The Antequera Enigma: Exploring the Mystery of Spain´s Oldest, Largest & Most Sophisticated Megalithic Complex

Have you ever seen an entire mountain carved to resemble a colossal human “face” gazing skyward? As amazing as this sounds, it´s only “half” of the great unsolved riddle here at the prehistoric archaeological site of “Antequera” in southern Spain. The other half is the gigantic megalithic dolmen nearby, the “Dolmen de Menga,” whose entrance points directly toward this mountain face—and not by accident. The Menga dolmen, dating back to the Neolithic period, has been described by scholars as the oldest, largest, and most sophisticated of its kind in Europe. Archaeologists don’t know the meaning of this (dolmen / mountain) alignment; but they say it is the only dolmen linked to an anthropomorphic landscape feature. What were the builders up to here? What purpose did this ritual complex serve? And could this strange setup possibly hold clues that might help us decipher “all” of prehistoric Europe´s mysterious and unexplained megalithic monuments?

Photo of me inside the Neolithic Menga Dolmen´s main entrance showing how the dolmen’s portal was designed to point directly at the nearby “mountain face” of La Pena de los Enamorados, which overlooks the entire city of Antequera.

Dolmens, stone circles, barrows, menhirs. You probably already know that Europe´s Neolithic and Bronze Age peoples built thousands of extraordinary megalithic structures across the continent (in England, Scotland, Ireland, Wales, Cornwall, Portugal, Spain, France, Italy, Germany, Poland, Denmark, Norway, Sweden and other countries / regions).

These ruins are still a deep unsolved mystery to archaeologists. Despite centuries of analysis, research, and investigation, it remains uncertain who built them, when they were built, how they were built, or why. The “Why?” question—inquiring as to the motives of the builders—is perhaps most perplexing of all.

Why expend Herculean efforts to design and create such complex megastructures that were intended to last for thousands of years?

This is one of the many questions on the minds of European archaeologists studying the extraordinary megalithic ruins just outside the ancient city of Antequera in the Andalusian region of Spain.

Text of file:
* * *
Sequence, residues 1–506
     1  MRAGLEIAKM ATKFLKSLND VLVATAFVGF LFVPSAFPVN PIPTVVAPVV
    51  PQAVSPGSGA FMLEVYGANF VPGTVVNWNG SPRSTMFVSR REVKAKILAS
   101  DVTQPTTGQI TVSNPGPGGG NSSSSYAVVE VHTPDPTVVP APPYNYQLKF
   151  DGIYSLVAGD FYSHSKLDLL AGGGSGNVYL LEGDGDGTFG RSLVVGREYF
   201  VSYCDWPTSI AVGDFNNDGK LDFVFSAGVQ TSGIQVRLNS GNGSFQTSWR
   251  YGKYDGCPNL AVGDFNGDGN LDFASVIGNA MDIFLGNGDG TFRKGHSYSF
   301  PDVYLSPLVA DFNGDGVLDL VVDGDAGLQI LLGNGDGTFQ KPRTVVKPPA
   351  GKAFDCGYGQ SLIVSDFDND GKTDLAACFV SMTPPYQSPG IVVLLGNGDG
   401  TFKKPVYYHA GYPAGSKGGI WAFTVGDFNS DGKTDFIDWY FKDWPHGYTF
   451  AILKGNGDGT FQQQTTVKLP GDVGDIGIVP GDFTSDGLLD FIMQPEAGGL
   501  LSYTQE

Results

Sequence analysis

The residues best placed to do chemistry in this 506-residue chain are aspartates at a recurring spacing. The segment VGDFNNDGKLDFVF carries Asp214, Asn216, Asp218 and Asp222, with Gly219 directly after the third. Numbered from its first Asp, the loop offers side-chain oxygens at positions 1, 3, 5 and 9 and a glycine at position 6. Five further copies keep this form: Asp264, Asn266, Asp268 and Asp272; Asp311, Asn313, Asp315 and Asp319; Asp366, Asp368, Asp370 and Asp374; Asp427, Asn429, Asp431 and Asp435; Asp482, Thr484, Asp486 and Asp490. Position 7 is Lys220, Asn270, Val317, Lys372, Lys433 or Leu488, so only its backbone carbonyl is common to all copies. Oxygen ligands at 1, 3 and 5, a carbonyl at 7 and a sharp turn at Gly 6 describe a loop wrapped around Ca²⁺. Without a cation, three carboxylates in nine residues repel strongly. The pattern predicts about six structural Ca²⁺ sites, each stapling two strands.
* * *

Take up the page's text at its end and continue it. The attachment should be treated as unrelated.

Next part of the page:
Photo of me standing inside the entrance portal of the Menga Dolmen in Antequera, Spain.

There are three main megalithic structures here, all within sight of one another:

(1) the “Dolmen de Menga”
the “Dolmen de Viera”
(3) the “Tholos de Romeral”

Visitors seeing these ruins for the first time immediately realize something special about them, something that sets them apart, and something scholars have known for decades—they are among the most sophisticated examples of Neolithic architecture in all of Europe.

They´re so special, in fact, that in 2016 UNESCO added them to its World Heritage List, stating:

“These three tombs, buried beneath their original earth tumuli, are one of the most remarkable architectural works of European prehistory and one of the most important examples of European Megalithism.”

—UNESCO, 2016


Most interesting of the three is the Dolmen de Menga, which is the largest and most advanced. It offers a bonus attraction—a strange feature that makes it unlike any other European megalithic structure: its entrance portal is perfectly aligned toward a prominent nearby natural rock formation of great importance because its silhouette resembles a gigantic human face gazing skyward. The mountain lies only seven kilometers to the northeast of the dolmen, and it dominates the entire landscape.

It´s only when you walk inside the Menga dolmen and then turn around to see the mountain face precisely framed by the dolmen´s entrance door that you´re struck with a strange sense of magic and wonder, even foreboding.    

The entrance of the prehistoric Menga Dolmen was designed to look straight out toward the mountain face of La Peña de los Enamorados.

Antequera´s dolmens are a popular tourist destination for ancient history buffs.